Is there any vehicle more iconic than the Volkswagen Beetle? The history of this little, curvy car affectionately dubbed the "VW Bug" begins back in 1930s Germany where it was commissioned by Adolf Hitler. Intended to be the "people's car" ("volk" is German for "people"), the Beetle Type 1 was born as an affordable vehicle for the masses. After four decades of production and a transformation from a practical form of transportation into a cultural icon, the Beetle was discontinued in the 1970s and then brought back in 1998.
Due to declining sales, 2019 marked the final year for the current Beetle, and Volkswagen created a special 2019 Final Edition to commemorate its legacy. Several months after the last Beetle rolled off the production line, VW released a touching tribute to the Bug in a short animated video, appropriately set to the Beetles' "Let it Be".
The video, sentimentality titled "The Last Mile", aired on New Year's Eve as part of ‘Dick Clark’s New Year’s Rockin’ Eve with Ryan Seacrest 2020.’ It follows the story of a Beetle owner through his life events starting with his boyhood days when his dad brings the car home. The Beetle is then passed down to him and is with him through his dating years, marriage, children, and old age. One of Volkswagen's most successful ad campaigns "Think Small" gets a shout out as well as several pop-cultural references like an animated Kevin Bacon from Footloose and artist Andy Warhol.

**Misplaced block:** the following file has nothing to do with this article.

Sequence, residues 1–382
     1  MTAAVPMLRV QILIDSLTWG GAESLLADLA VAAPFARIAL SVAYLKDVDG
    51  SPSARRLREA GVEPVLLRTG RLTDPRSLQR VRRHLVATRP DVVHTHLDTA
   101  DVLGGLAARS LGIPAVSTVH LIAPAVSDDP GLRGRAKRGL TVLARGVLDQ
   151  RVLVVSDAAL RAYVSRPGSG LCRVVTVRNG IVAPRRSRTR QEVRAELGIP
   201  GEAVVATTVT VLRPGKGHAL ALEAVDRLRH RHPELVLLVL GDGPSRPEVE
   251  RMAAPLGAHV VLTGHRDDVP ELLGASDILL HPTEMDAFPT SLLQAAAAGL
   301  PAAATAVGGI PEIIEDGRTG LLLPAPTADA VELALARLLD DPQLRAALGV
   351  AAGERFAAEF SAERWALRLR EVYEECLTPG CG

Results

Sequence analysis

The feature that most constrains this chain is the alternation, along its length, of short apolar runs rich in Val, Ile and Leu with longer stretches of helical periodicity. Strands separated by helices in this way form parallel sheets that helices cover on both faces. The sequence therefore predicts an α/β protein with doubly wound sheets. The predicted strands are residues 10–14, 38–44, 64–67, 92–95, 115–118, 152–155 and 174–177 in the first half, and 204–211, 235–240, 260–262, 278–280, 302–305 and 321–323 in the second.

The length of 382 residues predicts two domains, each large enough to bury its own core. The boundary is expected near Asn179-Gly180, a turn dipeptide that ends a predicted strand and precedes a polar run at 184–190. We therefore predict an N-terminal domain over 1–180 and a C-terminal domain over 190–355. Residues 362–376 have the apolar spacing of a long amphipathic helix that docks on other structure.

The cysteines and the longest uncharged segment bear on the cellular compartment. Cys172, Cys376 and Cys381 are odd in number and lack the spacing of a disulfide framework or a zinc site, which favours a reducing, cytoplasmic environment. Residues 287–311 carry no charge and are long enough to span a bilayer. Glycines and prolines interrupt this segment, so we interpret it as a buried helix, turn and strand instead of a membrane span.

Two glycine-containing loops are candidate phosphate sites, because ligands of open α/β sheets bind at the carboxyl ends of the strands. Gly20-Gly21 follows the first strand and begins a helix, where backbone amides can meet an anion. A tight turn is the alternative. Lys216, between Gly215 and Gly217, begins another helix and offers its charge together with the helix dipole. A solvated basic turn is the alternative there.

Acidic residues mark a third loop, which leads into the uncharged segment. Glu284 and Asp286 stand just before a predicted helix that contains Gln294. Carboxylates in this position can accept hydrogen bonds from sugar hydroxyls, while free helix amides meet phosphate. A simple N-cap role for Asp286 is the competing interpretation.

In under 2 minutes, the video not only tugs at our heartstrings but also perfectly captures the history of the Beetle and the future of Volkswagen. The video and campaign commemorate the legacy of the Beetle by showing the impact the car has had on each individual owner and also the impact it's had on our culture as a whole. VW then looks ahead by teasing the 2020 Atlas Cross Sport and a long-range EV.
According to Saad Chehab, senior vice president, VW brand marketing, “the Beetle is easily one of the most recognizable cars in the history of automobiles. Honoring it properly required a medium with just as much versatility and universal appeal as the car itself. While we chose the classic Beetle as the star of the animation, additional campaign components in Times Square honor the latter two generations of cars and their place and presence in American culture. We are proud of our past but our eye is on the future."